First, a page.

Amagi Metals recently made headlines with news the company would focus their attention on only accepting cryptocurrencies as a form of payment for their products. This effectively means that they’ll no longer be saving U.S. dollars, though they’ve noted customers who still wish to buy precious metals with the dollar are welcome to do so, but it will be instantly converted to digital currency.
It’s a bold strategy, bit it’s not slated to kick in until 2017 begins.
I had a few questions for the company on the topic, and I thought I’d share them here with you. My first question, plain and simple, was just “why?”
Megan Duffield was kind enough to take some time to give my questions attention. Here’s what she said:
[blockquote style=”2″]We wrote a long list of why the dollar will inevitably fail¹. It’s well known in this community and the precious metals world that the dollar is on its last leg. All fiat currency systems fail in time…with interest rates at the lowest they can go, being $18 trillion dollars in debt and the continuance of Dollar-printing, this current system is in a lot of trouble. It’s also important to note how involved the government is overseas and in individuals’ lives here in the US. 50 million people depend on food stamps and military bases can be found in over 100 countries around the world. The only way to sustain these services and military presense is printing more money and/or taxing individuals more – which even then couldn’t keep up with the rate of spending. Printing money of course will only devalue the Dollar more…and well you’ve seen what happens in countries that choose this route (ie: Zimbabwe, Argentina and soon enough Japan). There are no options left for the Dollar. Sure they could re-pin the dollar to gold, but we find this to be a highly unlikely scenario. Amagi Metals’ core principles revolve around sound money. The Dollar is the furthest from a text book example of that. By staying ahead of the curve, Amagi will be prepared for the transition away from the Dollar in the future. We of course will accept Dollars, but only if the customer converts them into crypto first through an exchange – which will involve an exchange rate.[/blockquote]
I asked next whether Megan thought we’ll be more businesses following in Amagi’s footsteps by shunning the dollar.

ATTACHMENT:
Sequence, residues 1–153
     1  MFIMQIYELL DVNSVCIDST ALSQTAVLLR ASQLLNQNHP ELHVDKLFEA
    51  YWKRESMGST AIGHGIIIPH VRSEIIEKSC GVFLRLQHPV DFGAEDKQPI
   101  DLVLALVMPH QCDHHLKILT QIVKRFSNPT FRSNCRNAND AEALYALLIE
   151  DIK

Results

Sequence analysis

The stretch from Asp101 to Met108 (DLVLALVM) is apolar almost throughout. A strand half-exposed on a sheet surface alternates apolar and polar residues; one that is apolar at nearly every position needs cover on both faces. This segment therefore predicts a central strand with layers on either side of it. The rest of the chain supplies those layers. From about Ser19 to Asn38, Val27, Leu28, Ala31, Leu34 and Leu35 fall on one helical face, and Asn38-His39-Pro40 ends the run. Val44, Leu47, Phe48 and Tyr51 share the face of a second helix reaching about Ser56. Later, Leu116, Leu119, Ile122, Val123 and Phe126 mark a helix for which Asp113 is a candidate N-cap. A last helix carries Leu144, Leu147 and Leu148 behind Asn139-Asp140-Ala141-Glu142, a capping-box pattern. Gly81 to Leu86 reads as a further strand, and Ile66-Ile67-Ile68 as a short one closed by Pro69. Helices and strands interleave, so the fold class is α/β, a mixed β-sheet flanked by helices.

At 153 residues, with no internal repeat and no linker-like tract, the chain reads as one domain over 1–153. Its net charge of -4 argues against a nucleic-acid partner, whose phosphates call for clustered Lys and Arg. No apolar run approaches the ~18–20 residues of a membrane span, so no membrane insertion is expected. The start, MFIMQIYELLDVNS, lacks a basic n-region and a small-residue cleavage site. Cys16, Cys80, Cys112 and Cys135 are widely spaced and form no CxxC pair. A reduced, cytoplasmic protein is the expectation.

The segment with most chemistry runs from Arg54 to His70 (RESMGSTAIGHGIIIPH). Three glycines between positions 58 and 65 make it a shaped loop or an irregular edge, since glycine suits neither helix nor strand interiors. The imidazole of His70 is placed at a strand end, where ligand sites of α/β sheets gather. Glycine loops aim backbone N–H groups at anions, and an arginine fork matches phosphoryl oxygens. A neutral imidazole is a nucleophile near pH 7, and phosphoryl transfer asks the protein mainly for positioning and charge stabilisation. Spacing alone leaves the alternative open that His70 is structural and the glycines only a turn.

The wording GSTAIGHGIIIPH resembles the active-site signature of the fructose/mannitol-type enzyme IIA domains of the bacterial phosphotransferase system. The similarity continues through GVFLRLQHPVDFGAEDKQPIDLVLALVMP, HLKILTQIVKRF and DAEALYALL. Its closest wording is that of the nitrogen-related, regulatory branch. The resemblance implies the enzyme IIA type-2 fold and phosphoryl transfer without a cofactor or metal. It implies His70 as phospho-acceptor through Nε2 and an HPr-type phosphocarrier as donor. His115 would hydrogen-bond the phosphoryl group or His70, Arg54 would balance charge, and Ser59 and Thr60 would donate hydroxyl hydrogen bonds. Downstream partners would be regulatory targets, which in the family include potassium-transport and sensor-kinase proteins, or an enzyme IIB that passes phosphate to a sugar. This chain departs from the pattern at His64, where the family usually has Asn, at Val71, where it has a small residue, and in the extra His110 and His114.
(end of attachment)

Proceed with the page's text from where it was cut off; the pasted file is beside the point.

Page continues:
[blockquote style=”2″]Just recently Agora Commodities announced they’d no longer be accepting credit card payments and yes, I do believe more companies will join us. With how quickly technology and the world evolves, it’s important to stay ahead of the curve with education and customer service. That’s what we are doing. [/blockquote]
And if you followed Amagi’s news on social media last week, you may have noticed some critics insinuating the move was done for the sake of public relations. In other words, a show. Surely, in two years, many people won’t remember Amagi’s announcement.
And so I asked what Amagi thought about the criticism:
[blockquote style=”2″]To those who are calling this a publicity stunt…you haven’t met Stephen Macaskill personally. While it is a bold move and did gain us a lot of, in my opinion, well-deserved press, our hearts and minds are fully committed to cryptocurrencies and most of us have been in the industry and liberty world long enough to know that this current system will fail. Stephen spends the majority of his time outside of the office converting his friends and family to sound money and alternative currency. He cares about his loved ones financial future and rarely rests when there’s an opportunity to evangelize about Bitcoin. One of his favorite reasons to talk about when it comes to losing paper money and adopting cryptos is “life expectancy”. Money is dirty and instead of exchanging this germ-filled paper that has been all over the world, one can use a digital currency that won’t spread disease! Then we will all live longer! Amagi Metals has been a pioneer of this crypto movement since the very beginning, so this bold, yet researched step to not accept dollars is in character with the company. In character with Stephen Macaskill. [/blockquote]
What do you think about the bold new move? Do you think other companies will follow suit?